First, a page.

Well I do get out in the community..As far as the RAT problem, I would most certainly say that it is still a huge problem for my community. In fact I have the $1600 bill for the repairs to my car. A rodent chewed through the wire harness. I see the rats running along side wise ave. As far as new roads, what a joke!!! The road in front of my house has a big hole. They put a huge heavy metal band aid over top of it. It has been there for months along with their stupid orange cone that I have to chase every time the wind blows. Yes I appreciate the fireworks. It is a tradition in our community. I would not mind a new building. I just STRONGLY think that our police station needs to stay in the center of our community. As far as the vacant store fronts, Most of the landlords who own them are slumlords and they charge a huge amount for rent. Rite Aid sat for years in Merritt Park shopping center and has had many issues with the building. I am not opposed to an over hall. I would love to have a thriving community, but Fix pressing problems that have been decaying our community for years. Show us that you are working for the citizens of Dundalk. AND I am serious...John O Sr and Jr and Mike Weir need to get off their lazy butts and get those cut outs for the curbs. That to me is far more of an injustice than tearing down buildings.
Shell9 January 17, 2013 at 03:57 AM
Sorry typo..Over Haul...Not over hall..lol
Jay Fitzgerald January 17, 2013 at 01:34 PM
'They' weren't against the rezoning...it was the number/TYPE of housing proposed. EVERYONE wanted it but NO one wanted more future slums built for section 8 and low end rentals they demanded to put in. By doing a percentage of low income housing the developer gets FEDERAL money. The developer also DEMANDED the entire strip of ball fields used by Dundalk High School on Sollers Point as well for an 'exchange' of less desirable property all the way down by Willow Spring...makes great sense and they were 'really looking out for our community'?
Laura Quintana January 17, 2013 at 05:00 PM
I just wanted quickly address the discussion of vacant commercial properties. I just started a jewelry design business that is "web" based. Due to its success on line and at various festivals around Dundalk, I am seriously thinking about having a storefront here in Dundalk. Here lies the problem...I have called to inquire about several vacant properties that have For Lease signs posted. So far, after about ten messages left for I believe seven properties, all to real estate firms, mind you, I have yet to get a return phone call giving me information. Also worth mentioning is the fact that all of these properties are listed on line. I have also left email inquiries with each property. Any ideas for why this may be?
Buzz Beeler January 17, 2013 at 07:02 PM
Discrimination of any type is against the law as per the situation you are describing. The real estate business is slow and no agent that I no of would not return a call from someone seeking to do business. If you believe there is a sinister reason for not being called back I would report it.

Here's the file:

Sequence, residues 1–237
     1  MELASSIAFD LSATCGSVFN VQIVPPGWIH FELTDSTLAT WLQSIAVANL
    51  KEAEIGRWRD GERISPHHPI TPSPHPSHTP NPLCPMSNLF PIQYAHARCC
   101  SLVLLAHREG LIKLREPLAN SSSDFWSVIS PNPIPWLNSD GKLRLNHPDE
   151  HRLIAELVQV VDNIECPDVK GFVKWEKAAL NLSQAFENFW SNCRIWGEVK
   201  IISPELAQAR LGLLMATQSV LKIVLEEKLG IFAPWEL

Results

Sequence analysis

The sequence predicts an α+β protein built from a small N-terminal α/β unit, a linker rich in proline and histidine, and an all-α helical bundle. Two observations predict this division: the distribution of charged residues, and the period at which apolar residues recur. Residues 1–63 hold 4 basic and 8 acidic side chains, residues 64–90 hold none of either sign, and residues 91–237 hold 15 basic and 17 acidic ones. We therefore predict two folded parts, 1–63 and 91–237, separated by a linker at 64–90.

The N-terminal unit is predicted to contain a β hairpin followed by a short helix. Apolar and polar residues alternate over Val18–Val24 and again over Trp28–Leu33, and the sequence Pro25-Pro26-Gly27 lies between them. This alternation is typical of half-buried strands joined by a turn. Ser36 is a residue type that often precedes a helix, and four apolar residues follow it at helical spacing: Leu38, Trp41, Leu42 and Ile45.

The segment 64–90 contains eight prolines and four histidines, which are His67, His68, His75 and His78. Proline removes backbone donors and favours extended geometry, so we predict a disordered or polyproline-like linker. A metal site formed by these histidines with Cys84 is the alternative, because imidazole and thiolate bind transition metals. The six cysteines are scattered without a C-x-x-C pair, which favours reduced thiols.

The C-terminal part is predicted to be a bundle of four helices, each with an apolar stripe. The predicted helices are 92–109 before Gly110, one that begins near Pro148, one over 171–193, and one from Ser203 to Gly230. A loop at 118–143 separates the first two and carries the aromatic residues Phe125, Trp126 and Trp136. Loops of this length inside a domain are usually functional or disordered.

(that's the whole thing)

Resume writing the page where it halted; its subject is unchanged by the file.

Laura Quintana January 17, 2013 at 09:57 PM
Mr. Beeler, I'm neither suggesting "sinister reasons" nor "discrimination" of any kind when it comes to not having answers to inquires on vacant properties for lease. I was actually wondering if there was a reason for this that someone may suggest. I would actually suspect this is more about an unprofessional approach to business than anything else. But I do agree that in a time when the real estate business is a bit slow it is bad business not to answer serious inquiries about a property.
Buzz Beeler January 17, 2013 at 11:46 PM
Laura, just some thoughts. There is no reason why they don't answer the phone especially if you contacted multiple firms. I would take a trip to the office if possible and see why they are not getting back to you.
Jay Fitzgerald January 18, 2013 at 01:25 PM
Actually Buzz's 'discrimination' comment may be right on target. Don't think for a minute realtors, bankers, business don't look at the phone exchange number or run a' quick check on your name to see whether or not they feel it's worth their time or not. When trying to secure a loan a few years ago, having perfect credit and borrowing on the home we had paid off many years prior for another property for which we had 50% down...we had one bank literally laugh at us and say 'there's NO home in Dundalk worth your perceived appraisal'...hung up on me!!!! FYI...our home appraised OVER what I thought it would and we easily got the loan elsewhere. Trying to get realtors to SHOW us properties was also a problem. Keep after your hunt for a good lease and NEGOTIATE!! Good luck!
Buzz Beeler January 18, 2013 at 04:22 PM
Jay that goes right to Laura's issue. I was not aware of that protocol involving banks and how it impacts real estate issues in this area. It seems thy are prejudging without looking at the facts.
Beacon Pointe May 25, 2013 at 03:46 AM
Johnny O. Should be ashamed for letting the community become run down, stay out of the seahorse n help the community's that have rat infestation. i believe there will be less votes for him if people realize he is not doing anything to help the community, its to benefit himself and other politicians.